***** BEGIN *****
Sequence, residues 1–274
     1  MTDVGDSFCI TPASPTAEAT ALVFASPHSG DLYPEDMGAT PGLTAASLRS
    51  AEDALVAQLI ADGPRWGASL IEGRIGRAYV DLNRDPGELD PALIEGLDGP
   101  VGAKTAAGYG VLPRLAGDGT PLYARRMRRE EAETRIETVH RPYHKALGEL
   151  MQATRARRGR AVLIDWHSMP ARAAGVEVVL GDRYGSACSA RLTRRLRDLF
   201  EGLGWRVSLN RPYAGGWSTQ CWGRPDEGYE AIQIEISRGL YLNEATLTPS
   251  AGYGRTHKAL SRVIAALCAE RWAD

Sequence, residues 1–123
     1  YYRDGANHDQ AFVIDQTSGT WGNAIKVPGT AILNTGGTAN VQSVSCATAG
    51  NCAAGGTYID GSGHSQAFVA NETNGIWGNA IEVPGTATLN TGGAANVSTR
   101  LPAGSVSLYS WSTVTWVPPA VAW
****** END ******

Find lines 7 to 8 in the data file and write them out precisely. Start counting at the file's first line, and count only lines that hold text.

   251  AGYGRTHKAL SRVIAALCAE RWAD

Sequence, residues 1–123